The Family Code of the Philippines
Title VI Paternity and Filiation
Chapter 1 Legitimate Children
Chapter 2 Proof of Filiation
Chapter 3 Illegitimate Children
Chapter 4 Legitimated Children
CHAPTER 1. LEGITIMATE CHILDREN Article 163
The filiation of children may be by nature or by adoption. Natural filiation may be legitimate or illegitimate.
Children conceived or born during the marriage of the parents are legitimate.
Children conceived as a result of artificial insemination of the wife with the sperm of the husband or that of a donor or both are likewise legitimate children of the husband and his wife, provided, that both of them authorized or ratified such insemination in a written instrument executed and signed by them before the birth of the child.
The instrument shall be recorded in the civil registry together with the birth certificate of the child.
Children conceived and born outside a valid marriage are illegitimate, unless otherwise provided in this Code.
Legitimacy of a child may be impugned only on the following grounds:
(1) That it was physically impossible for the husband to have sexual intercourse with his wife within the first 120 days of the 300 days which immediately preceded the birth of the child because of:
(a) the physical incapacity of the husband to have sexual intercourse with his wife;
(b) the fact that the husband and wife were living separately in such a way that sexual intercourse was not possible; or
(c) serious illness of the husband, which absolutely prevented sexual intercourse;
(2) That it is proved that for biological or other scientific reasons, the child could not have been that of the husband, except in the instance provided in the second paragraph of Article 164; or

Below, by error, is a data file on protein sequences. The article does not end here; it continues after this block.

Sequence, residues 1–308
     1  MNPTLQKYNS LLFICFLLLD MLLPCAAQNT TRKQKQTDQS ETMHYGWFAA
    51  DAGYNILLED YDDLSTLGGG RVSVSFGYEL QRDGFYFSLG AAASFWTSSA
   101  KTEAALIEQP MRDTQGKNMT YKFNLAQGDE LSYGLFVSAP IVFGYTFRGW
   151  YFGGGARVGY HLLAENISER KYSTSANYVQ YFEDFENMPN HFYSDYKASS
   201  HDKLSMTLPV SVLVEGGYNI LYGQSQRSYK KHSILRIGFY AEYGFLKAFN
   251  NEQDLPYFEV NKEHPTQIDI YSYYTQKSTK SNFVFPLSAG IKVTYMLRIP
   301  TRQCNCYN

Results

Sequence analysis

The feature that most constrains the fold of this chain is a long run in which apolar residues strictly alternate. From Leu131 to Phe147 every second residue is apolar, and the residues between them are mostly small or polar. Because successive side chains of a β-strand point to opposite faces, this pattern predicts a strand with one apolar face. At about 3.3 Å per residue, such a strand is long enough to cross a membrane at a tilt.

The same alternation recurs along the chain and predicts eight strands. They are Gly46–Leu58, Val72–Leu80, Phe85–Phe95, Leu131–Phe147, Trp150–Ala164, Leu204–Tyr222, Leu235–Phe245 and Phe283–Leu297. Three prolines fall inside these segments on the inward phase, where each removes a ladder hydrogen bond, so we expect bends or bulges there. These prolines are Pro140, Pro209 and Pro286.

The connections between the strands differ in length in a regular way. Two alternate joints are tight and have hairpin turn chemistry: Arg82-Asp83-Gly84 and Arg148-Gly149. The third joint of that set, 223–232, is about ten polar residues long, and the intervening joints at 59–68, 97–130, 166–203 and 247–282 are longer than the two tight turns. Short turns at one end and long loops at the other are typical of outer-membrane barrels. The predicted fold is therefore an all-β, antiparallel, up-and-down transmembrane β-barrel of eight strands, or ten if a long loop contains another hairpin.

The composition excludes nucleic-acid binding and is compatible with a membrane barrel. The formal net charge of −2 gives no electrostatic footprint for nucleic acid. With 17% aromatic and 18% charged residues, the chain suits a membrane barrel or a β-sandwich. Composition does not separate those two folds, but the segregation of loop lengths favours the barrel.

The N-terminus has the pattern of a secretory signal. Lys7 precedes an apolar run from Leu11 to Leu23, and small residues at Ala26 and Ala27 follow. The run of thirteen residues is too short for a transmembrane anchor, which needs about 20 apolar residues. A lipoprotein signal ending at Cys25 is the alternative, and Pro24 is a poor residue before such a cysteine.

(3) That in case of children conceived through artificial insemination, the written authorization or ratification of either parent was obtained through mistake, fraud, violence, intimidation, or undue influence.
The child shall be considered legitimate although the mother may have declared against its legitimacy or may have been sentenced as an adulteress.
If the marriage is terminated and the mother contracted another marriage within three hundred days after such termination of the former marriage, these rules shall govern in the absence of proof to the contrary:
(1) A child born before one hundred eighty days after the solemnization of the subsequent marriage is considered to have been conceived during the former marriage, provided it be born within three hundred days after the termination of the former marriage;
(2) A child born after one hundred eighty days following the celebration of the subsequent marriage is considered to have been conceived during such marriage, even though it be born within the three hundred days after the termination of the former marriage.
The legitimacy or illegitimacy of a child born after three hundred days following the termination of the marriage shall be proved by whoever alleges such legitimacy or illegitimacy.
The action to impugn the legitimacy of the child shall be brought within one year from the knowledge of the birth or its recording in the civil register, if the husband or, in a proper case, any of his heirs, should reside in the city or municipality where the birth took place or was recorded.
If the husband or, in his default, all of his heirs do not reside at the place of birth as defined in the first paragraph or where it was recorded, the period shall be two years if they should reside in the Philippines; and three years if abroad.